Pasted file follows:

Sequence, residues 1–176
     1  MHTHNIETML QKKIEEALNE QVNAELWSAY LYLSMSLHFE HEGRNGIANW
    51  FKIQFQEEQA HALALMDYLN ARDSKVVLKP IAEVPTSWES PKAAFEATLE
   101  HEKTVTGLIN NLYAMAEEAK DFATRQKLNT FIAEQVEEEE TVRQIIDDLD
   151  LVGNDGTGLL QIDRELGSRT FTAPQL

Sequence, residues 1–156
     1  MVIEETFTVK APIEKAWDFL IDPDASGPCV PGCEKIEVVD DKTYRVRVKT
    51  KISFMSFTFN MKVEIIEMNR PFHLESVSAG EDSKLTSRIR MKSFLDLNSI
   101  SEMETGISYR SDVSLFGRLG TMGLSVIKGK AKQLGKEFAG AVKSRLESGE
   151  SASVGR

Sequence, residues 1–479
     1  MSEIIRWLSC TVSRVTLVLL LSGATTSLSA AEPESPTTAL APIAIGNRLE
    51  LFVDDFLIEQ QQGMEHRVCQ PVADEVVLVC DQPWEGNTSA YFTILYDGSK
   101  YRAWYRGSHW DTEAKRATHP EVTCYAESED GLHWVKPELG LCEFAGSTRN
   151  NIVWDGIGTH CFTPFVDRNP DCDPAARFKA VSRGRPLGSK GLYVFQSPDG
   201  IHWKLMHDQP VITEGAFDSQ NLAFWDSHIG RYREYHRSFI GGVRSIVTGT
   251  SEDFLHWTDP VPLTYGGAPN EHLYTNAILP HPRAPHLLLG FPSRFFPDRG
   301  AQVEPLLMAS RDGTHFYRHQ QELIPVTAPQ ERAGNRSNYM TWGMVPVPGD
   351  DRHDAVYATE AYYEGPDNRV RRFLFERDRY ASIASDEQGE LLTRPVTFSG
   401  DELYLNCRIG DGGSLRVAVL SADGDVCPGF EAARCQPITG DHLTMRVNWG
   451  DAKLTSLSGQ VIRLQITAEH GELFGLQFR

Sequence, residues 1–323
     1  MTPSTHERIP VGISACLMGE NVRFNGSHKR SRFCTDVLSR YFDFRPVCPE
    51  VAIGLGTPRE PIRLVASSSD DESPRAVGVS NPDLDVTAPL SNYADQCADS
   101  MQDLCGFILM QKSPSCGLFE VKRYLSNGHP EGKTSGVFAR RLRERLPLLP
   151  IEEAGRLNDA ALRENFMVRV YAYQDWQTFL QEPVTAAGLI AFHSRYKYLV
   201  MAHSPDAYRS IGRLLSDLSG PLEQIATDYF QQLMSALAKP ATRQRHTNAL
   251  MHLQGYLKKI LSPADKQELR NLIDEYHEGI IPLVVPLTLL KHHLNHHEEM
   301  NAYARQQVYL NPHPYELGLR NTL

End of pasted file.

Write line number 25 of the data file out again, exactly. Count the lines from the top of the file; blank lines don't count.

   101  MQDLCGFILM QKSPSCGLFE VKRYLSNGHP EGKTSGVFAR RLRERLPLLP